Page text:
Oceanography Week 3
Oceanography Week 3 EAPS 10400 - 001
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This 2 page Class Notes was uploaded by Rachel Rozow on Friday September 16, 2016. The Class Notes belongs to EAPS 10400 - 001 at Purdue University taught by Greg M Michalski in Fall 2016. Since its upload, it has received 4 views. For similar materials see Oceanography in Science at Purdue University.
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Date Created: 09/16/16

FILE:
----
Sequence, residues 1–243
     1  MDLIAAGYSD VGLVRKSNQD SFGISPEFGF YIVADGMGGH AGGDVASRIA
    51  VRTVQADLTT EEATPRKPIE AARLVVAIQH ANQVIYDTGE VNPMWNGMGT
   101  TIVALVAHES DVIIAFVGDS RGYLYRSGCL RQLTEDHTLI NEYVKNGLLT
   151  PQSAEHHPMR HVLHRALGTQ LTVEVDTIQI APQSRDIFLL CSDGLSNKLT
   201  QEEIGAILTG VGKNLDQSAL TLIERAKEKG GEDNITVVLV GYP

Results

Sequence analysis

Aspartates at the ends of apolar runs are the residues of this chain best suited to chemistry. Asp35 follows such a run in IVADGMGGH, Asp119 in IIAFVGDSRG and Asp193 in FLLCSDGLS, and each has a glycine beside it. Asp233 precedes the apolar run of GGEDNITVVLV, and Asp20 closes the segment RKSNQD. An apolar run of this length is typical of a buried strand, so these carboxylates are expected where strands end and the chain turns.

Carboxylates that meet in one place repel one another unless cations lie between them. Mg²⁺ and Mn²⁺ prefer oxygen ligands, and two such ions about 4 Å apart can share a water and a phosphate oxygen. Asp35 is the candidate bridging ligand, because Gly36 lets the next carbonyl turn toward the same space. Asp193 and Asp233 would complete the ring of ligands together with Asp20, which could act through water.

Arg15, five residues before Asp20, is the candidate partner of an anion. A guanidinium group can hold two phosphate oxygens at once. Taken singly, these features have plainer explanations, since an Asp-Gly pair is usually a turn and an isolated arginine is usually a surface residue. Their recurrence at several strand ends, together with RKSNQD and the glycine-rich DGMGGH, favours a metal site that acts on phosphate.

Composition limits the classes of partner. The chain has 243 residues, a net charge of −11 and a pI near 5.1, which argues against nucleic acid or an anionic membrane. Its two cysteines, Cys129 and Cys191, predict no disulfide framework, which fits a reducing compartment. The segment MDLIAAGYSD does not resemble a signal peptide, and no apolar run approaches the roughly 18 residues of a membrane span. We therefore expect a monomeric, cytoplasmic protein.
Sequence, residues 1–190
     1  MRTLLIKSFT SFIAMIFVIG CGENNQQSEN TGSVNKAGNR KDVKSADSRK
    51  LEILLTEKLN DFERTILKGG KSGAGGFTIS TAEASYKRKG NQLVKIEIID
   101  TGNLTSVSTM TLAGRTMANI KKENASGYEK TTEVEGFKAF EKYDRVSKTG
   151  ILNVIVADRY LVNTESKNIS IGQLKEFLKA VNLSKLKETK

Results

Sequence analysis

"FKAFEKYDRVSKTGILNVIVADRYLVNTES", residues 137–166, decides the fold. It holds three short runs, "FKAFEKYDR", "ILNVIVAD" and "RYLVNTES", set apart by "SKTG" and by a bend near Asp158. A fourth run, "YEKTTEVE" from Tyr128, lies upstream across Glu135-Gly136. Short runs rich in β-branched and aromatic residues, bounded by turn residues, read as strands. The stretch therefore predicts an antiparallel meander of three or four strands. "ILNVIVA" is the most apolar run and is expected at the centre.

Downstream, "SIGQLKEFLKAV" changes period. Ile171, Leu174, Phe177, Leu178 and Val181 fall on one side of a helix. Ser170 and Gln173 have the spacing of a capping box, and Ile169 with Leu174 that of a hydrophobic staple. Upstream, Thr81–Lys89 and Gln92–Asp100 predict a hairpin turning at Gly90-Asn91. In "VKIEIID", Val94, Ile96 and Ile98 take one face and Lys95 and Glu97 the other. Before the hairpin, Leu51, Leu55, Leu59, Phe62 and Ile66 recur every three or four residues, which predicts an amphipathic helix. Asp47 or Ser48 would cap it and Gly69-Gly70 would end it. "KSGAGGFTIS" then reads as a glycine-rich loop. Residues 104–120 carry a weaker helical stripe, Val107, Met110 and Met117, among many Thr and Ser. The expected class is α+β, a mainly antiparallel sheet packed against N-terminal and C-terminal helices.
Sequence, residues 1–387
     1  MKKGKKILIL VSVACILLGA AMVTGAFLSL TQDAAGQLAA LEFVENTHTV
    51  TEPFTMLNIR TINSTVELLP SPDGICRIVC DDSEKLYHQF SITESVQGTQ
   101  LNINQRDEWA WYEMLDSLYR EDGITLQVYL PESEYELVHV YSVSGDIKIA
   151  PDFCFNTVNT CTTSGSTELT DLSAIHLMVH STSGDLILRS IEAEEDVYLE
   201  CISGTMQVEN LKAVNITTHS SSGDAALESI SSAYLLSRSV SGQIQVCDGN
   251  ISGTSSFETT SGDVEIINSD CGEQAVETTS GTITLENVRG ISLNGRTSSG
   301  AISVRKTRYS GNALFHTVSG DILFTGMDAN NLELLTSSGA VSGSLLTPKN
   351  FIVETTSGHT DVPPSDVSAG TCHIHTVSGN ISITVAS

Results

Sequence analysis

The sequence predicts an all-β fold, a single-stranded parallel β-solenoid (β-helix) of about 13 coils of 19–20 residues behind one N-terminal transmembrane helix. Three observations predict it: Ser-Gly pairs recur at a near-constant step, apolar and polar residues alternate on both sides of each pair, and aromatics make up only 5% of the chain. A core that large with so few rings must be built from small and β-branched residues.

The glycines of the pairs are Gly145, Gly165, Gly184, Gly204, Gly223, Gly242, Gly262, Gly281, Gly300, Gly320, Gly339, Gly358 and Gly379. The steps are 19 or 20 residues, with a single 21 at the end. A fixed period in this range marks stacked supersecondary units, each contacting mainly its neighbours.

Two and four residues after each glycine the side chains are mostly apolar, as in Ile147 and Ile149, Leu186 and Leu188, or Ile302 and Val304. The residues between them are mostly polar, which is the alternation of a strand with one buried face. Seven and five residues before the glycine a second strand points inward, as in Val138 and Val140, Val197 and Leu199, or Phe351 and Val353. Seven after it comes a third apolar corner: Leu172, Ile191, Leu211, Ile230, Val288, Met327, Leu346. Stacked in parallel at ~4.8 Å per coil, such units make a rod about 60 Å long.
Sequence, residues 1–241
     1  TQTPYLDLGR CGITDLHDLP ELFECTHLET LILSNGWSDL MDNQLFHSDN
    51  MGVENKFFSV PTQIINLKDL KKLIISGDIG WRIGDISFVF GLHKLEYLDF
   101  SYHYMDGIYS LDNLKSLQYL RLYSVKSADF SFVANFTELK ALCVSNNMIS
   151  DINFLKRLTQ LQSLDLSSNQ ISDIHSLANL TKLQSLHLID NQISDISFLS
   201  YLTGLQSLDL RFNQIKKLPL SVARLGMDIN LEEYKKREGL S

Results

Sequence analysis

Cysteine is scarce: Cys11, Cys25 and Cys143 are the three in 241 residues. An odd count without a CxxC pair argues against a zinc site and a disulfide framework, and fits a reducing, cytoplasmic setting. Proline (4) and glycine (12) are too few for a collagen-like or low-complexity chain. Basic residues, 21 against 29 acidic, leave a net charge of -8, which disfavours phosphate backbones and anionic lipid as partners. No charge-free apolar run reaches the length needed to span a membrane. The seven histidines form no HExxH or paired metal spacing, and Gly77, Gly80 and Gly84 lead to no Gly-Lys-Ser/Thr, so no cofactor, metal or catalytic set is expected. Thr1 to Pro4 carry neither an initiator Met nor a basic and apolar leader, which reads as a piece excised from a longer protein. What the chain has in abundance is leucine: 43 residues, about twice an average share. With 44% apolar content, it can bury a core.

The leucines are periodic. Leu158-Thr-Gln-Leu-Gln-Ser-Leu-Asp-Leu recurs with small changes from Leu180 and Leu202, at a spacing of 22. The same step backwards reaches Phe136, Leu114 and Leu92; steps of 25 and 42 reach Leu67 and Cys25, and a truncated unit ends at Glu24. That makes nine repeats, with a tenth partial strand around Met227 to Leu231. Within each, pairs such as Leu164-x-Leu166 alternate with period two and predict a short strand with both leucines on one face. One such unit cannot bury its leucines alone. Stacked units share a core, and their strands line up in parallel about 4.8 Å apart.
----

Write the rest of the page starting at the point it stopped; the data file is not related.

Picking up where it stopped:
Oceanography Week 3 As the temperature of the earth increases, the temperature of the deep ocean is also increasing, though not as quite a substantial of a rate, creating a larger difference between surface temperature and that which resides below the surface. The average temperature of the ocean, should it be suddenly mixed, would be close to 5 C. Because Temperature describes the movement of molecules, it is not necessarily rising as heat is added to a system think phase changes. It takes a substantial amount of energy to make water turn from a solid to liquid, or from liquid to vapor, so a lot of heat could be added without actually making the water “warmer”. The average depth of the ocean is about 3500 m The Challenger Deep in depth = the height of Mt. Everest Hydrothermal vent max = 400C, the pressure allows the water to be over 100C without completely evaporating GIS= Geographical Information System Volcanic eruptions may mask sea level rise Water= Two hydrogen atoms bound with an oxygen atom. Hydrogen bonds are formed through the attraction of oppositely charged ions. These bonds allow water to exist in three different phases: gas, liquid, and solid. Ice structures have more space between the molecules than water, making the solid form less dense than the liquid form. That is why ice floats on the water Seasonal ice structures around Greenland and Antarctica assist in moderating the extremes of changing seasons/temperature. Rather than having Earth’s temperature fluctuate too substantially, the heat added is converted into energy used to elicit changes in the forms of the water water is a very good insulator Thermocline depth of rapidly changing temperature The greater the distance between the surface and depth temperatures, the stratification in the water. Heat is generally trapped in the upper layers of the ocean, keeping it from completely mixing and changing the temperature of the water NaCl > Na+ Cl > the process of dissolving salt into water Halocline the depth of rapidly changing salinity Pyctocline the depth of rapidly changing density, be it from a Halocline or a Thermocline The change in temperature causes a greater change in density than a change in salinity does by about twofold Sea Surface salinity is highest where evaporation exceeds rainfall
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